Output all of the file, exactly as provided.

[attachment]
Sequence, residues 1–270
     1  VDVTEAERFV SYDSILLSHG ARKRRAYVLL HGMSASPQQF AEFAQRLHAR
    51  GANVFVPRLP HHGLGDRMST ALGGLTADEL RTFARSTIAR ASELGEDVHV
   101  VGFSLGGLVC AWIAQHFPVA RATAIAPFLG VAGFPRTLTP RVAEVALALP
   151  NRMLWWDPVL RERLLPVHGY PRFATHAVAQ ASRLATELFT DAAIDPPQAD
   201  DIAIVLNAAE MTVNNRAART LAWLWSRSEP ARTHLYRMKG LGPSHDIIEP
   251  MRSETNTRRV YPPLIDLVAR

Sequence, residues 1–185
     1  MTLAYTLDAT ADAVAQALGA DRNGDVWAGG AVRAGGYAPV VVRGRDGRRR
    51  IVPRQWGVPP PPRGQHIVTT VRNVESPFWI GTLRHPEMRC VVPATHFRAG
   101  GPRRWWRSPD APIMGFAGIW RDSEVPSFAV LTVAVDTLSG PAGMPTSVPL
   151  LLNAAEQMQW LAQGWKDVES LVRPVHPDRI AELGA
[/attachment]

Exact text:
Sequence, residues 1–270
     1  VDVTEAERFV SYDSILLSHG ARKRRAYVLL HGMSASPQQF AEFAQRLHAR
    51  GANVFVPRLP HHGLGDRMST ALGGLTADEL RTFARSTIAR ASELGEDVHV
   101  VGFSLGGLVC AWIAQHFPVA RATAIAPFLG VAGFPRTLTP RVAEVALALP
   151  NRMLWWDPVL RERLLPVHGY PRFATHAVAQ ASRLATELFT DAAIDPPQAD
   201  DIAIVLNAAE MTVNNRAART LAWLWSRSEP ARTHLYRMKG LGPSHDIIEP
   251  MRSETNTRRV YPPLIDLVAR

Sequence, residues 1–185
     1  MTLAYTLDAT ADAVAQALGA DRNGDVWAGG AVRAGGYAPV VVRGRDGRRR
    51  IVPRQWGVPP PPRGQHIVTT VRNVESPFWI GTLRHPEMRC VVPATHFRAG
   101  GPRRWWRSPD APIMGFAGIW RDSEVPSFAV LTVAVDTLSG PAGMPTSVPL
   151  LLNAAEQMQW LAQGWKDVES LVRPVHPDRI AELGA